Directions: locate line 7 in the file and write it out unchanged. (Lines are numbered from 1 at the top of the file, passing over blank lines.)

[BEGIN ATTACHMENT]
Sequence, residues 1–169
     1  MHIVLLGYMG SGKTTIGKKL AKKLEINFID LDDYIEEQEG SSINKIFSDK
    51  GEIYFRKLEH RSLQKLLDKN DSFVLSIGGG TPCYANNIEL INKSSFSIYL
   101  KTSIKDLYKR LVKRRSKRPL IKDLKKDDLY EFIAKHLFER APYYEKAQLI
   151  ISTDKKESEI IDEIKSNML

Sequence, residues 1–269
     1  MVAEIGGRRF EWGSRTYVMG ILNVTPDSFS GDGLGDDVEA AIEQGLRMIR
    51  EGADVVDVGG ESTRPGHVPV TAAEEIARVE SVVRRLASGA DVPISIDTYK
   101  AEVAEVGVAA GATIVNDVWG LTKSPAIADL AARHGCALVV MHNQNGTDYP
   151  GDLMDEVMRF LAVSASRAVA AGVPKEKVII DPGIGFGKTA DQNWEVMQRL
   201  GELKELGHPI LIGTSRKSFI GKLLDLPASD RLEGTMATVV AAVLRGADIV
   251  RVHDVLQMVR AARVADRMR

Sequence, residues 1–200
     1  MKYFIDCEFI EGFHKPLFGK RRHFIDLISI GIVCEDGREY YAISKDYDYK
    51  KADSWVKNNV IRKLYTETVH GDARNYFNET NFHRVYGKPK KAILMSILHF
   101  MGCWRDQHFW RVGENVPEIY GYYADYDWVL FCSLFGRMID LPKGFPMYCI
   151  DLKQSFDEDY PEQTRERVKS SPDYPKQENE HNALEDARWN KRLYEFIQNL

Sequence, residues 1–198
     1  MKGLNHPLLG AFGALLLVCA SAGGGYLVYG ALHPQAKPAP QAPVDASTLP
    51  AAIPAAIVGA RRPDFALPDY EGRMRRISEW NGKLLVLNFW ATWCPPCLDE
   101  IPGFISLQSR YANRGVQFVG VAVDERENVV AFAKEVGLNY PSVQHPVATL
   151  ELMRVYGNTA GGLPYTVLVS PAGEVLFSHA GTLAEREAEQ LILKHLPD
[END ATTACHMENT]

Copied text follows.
     1  MVAEIGGRRF EWGSRTYVMG ILNVTPDSFS GDGLGDDVEA AIEQGLRMIR